Terpenes 101: Myrcene
Posted by Tweedle Farms on Jul 22nd 2022
That delicious aroma wafting out of your freshly ground flower? You can thank terpenes for that.
Terpenes are aromatic molecules found in plant resins and are the compounds responsible for the trademark aromas of not only your favorite cannabis strains, but also your favorite plants, and essential oils.
Terpenes are also responsible, in many ways, for the effects of aromatherapy and are at least partially responsible for the medicinal properties of plants and natural medicine. As you’ll see in the chart at the bottom of the page, each terpene holds its own beneficial properties.
As if that weren’t enough, terpenes also play a large role in determining the effects of cannabis! Without terpenes, cannabinoids like CBD and THC would have relatively muted effects, but when they’re combined with these miraculous aromatic compounds - that’s when the magic happens; and more pointedly, it’s when the true difference between strains considered “indica” or “sativa” can be felt.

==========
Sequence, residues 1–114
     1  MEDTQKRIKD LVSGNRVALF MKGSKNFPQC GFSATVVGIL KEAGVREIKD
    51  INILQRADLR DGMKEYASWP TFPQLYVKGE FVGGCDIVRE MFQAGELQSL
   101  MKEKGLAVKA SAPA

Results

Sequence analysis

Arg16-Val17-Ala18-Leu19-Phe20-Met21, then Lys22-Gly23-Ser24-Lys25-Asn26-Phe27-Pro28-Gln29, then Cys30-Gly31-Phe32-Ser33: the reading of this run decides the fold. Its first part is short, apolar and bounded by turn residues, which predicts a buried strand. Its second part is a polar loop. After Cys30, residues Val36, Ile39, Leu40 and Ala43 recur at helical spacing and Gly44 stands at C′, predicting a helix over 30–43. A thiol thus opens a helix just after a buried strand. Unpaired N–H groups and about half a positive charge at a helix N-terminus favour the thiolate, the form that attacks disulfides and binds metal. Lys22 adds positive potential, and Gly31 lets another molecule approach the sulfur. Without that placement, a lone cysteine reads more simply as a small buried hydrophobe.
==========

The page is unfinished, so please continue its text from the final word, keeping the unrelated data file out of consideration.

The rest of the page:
What is Myrcene (aka beta myrcene, b-myrcene, or β-myrcene)?
Myrcene is the most common terpene found in cannabis. According to a study of available terpene results, it was found to represent over 20% of the average terpene profile in modern cannabis strains.
Although we cannot point to a robust study to prove this fact, we can say anecdotally that myrcene seems to be even more common in the hemp industry, as it is found in significant concentrations in nearly every strain we see.
What Does Myrcene Smell Like?
Also found in mangos, hops, thyme, and lemongrass, myrcene is known for its fruity, earthy, and somewhat clove-y, spicy flavor that increases in pungency as its concentration goes up.
If you’ve ever found a strain to smell of pungent, over-ripe mango, you’ve likely inhaled a whole bunch of myrcene!
Strains High in Myrcene
As we stated above, Myrcene is a very common terpene, so it’s found in a lot of different cannabis strains. Some of our favorites are Remedy, 9 Pound Hammer, Cannatonic, and Forbidden V.
Let’s get down to brass tax - what does myrcene do?
Green Leaf Labs, our principal testing laboratory, has a handy graphic that can be used to discern possible effects of different terpenes. Check it out here: